Ernest Hemingway – cellist2018-05-092022-05-19http://rockacellocenter.com/wp-content/uploads/rocakacello_center_logo_v02_60h.pngRockacello Centerhttps://rockacellocenter.com/wp-content/uploads/cello_hero_scribble_feature_feature.jpg200px200px
Here is a section from the New Yorker, May 13 1950, a re-issue of Lillian Ross’ portrait of Ernest Hemingway when he was 50 or so, visiting New York City at a time that he was living mostly in Cuba. I’m not sure how many of us know to include Hemingway in our cello family. The first long paragraph below is the cello one; the author Lillian Ross is writing in the first person:
In this next passage from the piece, Hemingway talks about economy of style. And while not about music, what he says is absolutely applicable to cellists devising parts and improvising in non-classical music. (Too often I hear string players just noodling and noodling throughout a tune. No structure, no empty spaces that would allow the ear to breathe, no direction, just adding a bit of padding.) You know that old line about how it’s what you leave out that makes something powerful and beautiful? See what Hemingway says about cutting things out. A reminder that simple can be better than complex, if you do it right. Notice also the stuff about picking up style from great French writers. He has such a feel for them that he compares them to different types of baseball pitchers. (This reminded me of something quite similar in Bob Dylan terrific autobiography – Chronicles:_Volume_One – where he talks about about picking up style from great French poets when he was still starting out.)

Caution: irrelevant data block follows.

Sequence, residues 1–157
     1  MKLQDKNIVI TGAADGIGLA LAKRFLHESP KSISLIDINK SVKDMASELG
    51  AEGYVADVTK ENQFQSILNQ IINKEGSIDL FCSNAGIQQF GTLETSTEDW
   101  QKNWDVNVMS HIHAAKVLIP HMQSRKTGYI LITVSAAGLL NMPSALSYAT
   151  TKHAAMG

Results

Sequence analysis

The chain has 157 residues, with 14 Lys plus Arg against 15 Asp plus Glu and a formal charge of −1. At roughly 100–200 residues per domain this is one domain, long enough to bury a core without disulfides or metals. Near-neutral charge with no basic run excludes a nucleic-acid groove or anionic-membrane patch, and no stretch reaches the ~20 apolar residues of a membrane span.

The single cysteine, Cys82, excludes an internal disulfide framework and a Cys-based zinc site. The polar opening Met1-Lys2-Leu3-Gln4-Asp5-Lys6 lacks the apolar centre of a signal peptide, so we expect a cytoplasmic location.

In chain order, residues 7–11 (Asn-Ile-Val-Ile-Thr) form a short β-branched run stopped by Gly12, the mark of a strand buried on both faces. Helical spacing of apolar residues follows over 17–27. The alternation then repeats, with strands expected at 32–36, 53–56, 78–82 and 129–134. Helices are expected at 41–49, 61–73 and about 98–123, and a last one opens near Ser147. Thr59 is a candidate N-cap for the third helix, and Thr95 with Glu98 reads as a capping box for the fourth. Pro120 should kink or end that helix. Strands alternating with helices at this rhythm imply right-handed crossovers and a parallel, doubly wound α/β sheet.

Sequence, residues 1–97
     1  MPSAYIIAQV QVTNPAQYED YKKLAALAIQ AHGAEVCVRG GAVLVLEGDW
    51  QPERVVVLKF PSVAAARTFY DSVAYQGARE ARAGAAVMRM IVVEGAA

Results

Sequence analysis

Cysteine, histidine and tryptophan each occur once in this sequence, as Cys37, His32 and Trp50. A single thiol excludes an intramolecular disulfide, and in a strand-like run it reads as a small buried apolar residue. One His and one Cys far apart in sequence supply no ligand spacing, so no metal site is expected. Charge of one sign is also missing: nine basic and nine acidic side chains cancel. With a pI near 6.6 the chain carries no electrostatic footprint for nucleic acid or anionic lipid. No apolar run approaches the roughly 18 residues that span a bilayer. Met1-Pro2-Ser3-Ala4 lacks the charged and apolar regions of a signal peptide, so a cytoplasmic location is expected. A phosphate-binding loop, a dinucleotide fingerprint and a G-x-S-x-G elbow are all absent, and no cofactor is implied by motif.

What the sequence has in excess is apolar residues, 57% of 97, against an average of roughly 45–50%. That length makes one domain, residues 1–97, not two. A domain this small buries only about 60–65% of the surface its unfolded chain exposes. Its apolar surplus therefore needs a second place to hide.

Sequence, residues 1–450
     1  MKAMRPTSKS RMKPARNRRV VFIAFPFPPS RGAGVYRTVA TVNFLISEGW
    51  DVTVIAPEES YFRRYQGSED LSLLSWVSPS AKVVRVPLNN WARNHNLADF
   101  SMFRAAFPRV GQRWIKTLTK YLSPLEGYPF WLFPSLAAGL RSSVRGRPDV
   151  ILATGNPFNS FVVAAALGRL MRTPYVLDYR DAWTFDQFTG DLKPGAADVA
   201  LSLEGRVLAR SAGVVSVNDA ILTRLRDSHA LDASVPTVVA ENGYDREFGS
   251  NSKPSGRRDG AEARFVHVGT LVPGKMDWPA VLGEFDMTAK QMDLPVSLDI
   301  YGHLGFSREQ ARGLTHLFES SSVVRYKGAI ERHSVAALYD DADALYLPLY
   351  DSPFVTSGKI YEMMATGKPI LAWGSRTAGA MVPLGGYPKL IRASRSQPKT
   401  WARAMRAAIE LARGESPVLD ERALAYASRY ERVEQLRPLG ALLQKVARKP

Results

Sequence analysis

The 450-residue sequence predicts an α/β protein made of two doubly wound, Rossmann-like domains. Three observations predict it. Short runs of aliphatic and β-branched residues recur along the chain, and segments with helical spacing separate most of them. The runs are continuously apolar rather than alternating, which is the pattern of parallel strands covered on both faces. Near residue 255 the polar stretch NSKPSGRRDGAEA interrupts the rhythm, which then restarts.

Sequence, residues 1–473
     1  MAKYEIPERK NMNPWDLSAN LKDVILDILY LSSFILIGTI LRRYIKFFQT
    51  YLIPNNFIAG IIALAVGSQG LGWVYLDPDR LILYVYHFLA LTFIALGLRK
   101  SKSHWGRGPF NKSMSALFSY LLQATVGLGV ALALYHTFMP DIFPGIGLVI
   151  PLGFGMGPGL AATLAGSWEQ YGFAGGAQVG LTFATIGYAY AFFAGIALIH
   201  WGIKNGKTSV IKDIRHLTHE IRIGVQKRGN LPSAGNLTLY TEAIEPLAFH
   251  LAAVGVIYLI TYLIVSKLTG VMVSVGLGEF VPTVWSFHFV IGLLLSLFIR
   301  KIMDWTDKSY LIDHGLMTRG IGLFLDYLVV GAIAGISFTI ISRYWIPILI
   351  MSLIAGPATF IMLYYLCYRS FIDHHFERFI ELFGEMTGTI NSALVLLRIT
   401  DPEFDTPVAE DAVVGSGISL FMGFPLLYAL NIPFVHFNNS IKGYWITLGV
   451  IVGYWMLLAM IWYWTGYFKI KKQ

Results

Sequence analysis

As an improvising non-classical cellist, whose style do you especially love and are always inspired by? Don’t say Casals, Piatigorsky, Rostopovich, Du Pre, Roman, Sherry, Ma, Haimovitz. Too obvious. We all would play like them if we could. Pick others: saxophonists, singers, trombonists; and listen to them and love their style, even steal their phrasings and make them your own.